Terry said that to North Koreans, their nuclear arsenal “is a matter of survival. North Koreans have told us even in the recent meeting – and they’ve specifically brought up Libya – Gaddafi’s case in Libya and Iraq – and said this is – nuclear weapons is the only way for us to absolutely guarantee our survival, and this is why we’re not going to give it up. We’re so close to perfecting this nuclear arsenal. This is our final deterrent against the United States. Ultimately it’s about regime survival for them, and nuclear weapons guarantees it.”

Terry said the North Koreans demand that the United States accept them as a nuclear power and there is  “absolutely no flexibility or willingness to meet to talk about ending their nuclear program.” In contrast to other experts, Terry believes it is “unrealistic for us (the U.S.) to go from where we are to talk about peace treaty and discuss formally ending the Korean War.”

She believes the solution is “continuing with maximum pressure with sanctions and trying to get China to do more. And if China does not come through, then we’ll have to pursue secondary sanctions against Chinese banks and entities and see if that can get China to rein in North Korea a little bit more.”

Ann Wright served 29 years in the U.S. Army/Army Reserves and retired as a Colonel.  She was a U.S. diplomat for 16 years and served in U.S. Embassies in Nicaragua, Grenada, Somalia, Uzbekistan, Kyrgyzstan, Sierra Leone, Micronesia, Afghanistan and Mongolia.  She resigned from the U.S. government in March 2003 in opposition to Bush’s war on Iraq.  She is the co-author of Dissent: Voices of Conscience.

50 comments for “The Logic in North Korean ‘Madness’

  1. July 19, 2017 at 23:15

    US policy in Libya and Iraq shows the foolishness of placing any reliance on Washington DC. In the world as we have developed it, trust is absent, kindness is weakness and looking after yourself is the only safe course for an independent nation.

    Where was it they used to have flags saying “Don’t tread on me.” Might as well be everywhere now

    I suppose the neocon infection in US policy will work itself out, probably in tandem with the decline in the control of global monetary exchange, then there will be a chance to restore propriety and fair dealing in international affairs. Until then, keep on researching cyber war and anti-matter containment for the next versions of unregulated WMD. Testosterone for ever.

  2. Mild-ly Facetious
    July 19, 2017 at 09:36

    South Korea Invites North Korea to Hold Military Talks at DMZ on Friday

    JUL 18, 2017

    In a surprise move, South Korea has reached out to North Korea with an offer to hold military talks this Friday at the Demilitarized Zone between the two countries. The U.S., Japan and the European Union, on the other hand, are pushing for heavier sanctions against North Korea.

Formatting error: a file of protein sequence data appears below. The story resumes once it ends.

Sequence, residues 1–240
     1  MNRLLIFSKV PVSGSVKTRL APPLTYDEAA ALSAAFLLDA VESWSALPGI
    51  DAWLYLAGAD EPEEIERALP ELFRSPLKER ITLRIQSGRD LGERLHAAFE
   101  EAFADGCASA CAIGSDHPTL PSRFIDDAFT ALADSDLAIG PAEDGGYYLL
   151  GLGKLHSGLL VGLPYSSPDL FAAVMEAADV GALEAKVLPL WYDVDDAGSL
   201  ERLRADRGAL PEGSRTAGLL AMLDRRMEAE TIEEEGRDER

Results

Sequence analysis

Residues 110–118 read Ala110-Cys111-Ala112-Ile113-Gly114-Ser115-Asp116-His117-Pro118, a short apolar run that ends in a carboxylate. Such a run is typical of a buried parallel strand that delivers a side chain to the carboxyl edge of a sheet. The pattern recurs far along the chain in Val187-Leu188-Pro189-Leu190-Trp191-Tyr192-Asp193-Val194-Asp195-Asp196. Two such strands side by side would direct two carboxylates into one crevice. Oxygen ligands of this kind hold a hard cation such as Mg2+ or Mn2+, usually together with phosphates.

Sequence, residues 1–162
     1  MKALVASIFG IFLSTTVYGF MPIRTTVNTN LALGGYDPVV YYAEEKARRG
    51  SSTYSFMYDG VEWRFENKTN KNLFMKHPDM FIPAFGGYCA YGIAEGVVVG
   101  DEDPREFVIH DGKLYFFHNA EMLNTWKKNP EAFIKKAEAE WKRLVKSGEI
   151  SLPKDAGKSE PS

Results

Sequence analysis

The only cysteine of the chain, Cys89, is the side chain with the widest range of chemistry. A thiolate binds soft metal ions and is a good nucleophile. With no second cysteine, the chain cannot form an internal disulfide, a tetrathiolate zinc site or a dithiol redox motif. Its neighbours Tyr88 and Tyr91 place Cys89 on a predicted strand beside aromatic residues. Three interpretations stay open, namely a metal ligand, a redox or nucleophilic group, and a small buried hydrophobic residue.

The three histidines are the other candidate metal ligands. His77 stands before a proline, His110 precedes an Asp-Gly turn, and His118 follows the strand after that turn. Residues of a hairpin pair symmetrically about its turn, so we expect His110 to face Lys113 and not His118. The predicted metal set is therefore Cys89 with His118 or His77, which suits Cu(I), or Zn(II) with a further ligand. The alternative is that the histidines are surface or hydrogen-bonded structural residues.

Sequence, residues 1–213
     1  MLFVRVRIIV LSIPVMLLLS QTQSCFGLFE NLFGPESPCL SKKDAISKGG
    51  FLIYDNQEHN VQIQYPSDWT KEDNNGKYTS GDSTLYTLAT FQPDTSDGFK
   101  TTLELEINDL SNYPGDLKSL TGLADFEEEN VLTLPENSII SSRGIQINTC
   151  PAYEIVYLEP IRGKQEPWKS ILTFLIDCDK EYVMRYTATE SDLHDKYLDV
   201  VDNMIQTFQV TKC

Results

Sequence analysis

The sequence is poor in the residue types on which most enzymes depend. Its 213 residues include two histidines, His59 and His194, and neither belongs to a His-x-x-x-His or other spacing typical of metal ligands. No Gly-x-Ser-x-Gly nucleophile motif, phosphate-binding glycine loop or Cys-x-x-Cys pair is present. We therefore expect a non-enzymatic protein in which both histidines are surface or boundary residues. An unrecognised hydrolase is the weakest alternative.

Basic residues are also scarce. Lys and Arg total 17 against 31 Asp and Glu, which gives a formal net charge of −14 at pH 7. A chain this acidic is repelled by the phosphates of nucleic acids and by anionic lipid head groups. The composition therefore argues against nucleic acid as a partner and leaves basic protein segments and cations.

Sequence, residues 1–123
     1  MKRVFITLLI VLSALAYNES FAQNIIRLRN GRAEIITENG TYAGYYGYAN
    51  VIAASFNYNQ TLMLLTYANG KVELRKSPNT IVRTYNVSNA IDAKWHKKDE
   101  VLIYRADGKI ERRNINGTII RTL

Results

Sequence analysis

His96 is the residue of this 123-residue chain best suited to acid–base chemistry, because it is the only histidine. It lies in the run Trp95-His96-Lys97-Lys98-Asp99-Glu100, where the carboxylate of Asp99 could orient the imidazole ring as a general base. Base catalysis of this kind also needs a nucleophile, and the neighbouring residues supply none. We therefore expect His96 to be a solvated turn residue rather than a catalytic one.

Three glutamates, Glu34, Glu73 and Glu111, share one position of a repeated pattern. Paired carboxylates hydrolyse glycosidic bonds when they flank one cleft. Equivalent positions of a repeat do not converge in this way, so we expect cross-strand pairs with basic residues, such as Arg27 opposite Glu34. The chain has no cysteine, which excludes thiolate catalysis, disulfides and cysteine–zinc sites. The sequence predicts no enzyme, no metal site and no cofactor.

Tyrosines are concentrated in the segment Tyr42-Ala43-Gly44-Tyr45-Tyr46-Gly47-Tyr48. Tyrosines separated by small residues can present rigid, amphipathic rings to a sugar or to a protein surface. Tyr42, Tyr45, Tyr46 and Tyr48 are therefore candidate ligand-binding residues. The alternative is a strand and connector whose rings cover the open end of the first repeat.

The South Korean overture comes as South Korea refused to allow peace activist Christine Ahn, who was born in South Korea, into the country, where she was slated to meet with women’s peace groups. South Korea said she’d been denied entry on the grounds she might “hurt the national interests and public safety.”

    This is Christine Ahn, speaking earlier this month about the prospects for de-escalating tensions between South Korea, North Korea and the United States: “Right now, the most viable proposal that is on the table, that has now—as you mentioned earlier, is backed by both China and Russia, but it originally came from the North Koreans in 2015, was to halt the U.S. and South Korean military exercises in exchange for freezing North Korea’s nuclear and long-range missile program. — Now, that is the deal that should be seriously considered, but the Trump administration is not accepting it.”

  3. Hawaii guy
    July 18, 2017 at 20:12

    I made this exact argument years ago. The only protection a country has is wmds its the only thing the armchair generals are afraid of. Of they can ruin or kill too close to there Princess palaces in the Pentagon, they’ll leave you alone.

  4. July 17, 2017 at 21:56

    The long shadow of the neo-cons and their PNAC! Selling arms will “Make America great again” perhaps but only for the 0.1% elite who benefit from war; the Banks, the defense contractors and the currency manipulators. Stopping China responding to a US first strike by having more bases on Sth Korean peninsula, close to Beijing, is the real aim of the Nth Korea beat-up. Similarly the Polish troop buildup and the West Ukraine CIA engineered regime change, help to paralyze Russias response-ability to Firs strikes by the US. Meanwhile climate change and inequality accelerate.

    • Bob Van Noy
      July 18, 2017 at 08:22

      Thank you Dr. Elliott and great web site!

    • Hawaii guy
      July 18, 2017 at 20:18

      Russia and China aren’t worried about losing a war with the West, everyone loses in that scenario. Russia and China know the US has no military reserves, and the Kardashian generation are just going to get slaughtered, if they can even find uniforms big enough for them. As to climate change, that’s a bigger scam than Russia hacking the DNC. It’s a solar system wide change, it never stops changing. There is nothing humanity can do to effect any kind of significant damage to the earth’s atmosphere. The sun can produce more damage in a single burst than we could in fifty years of pollution.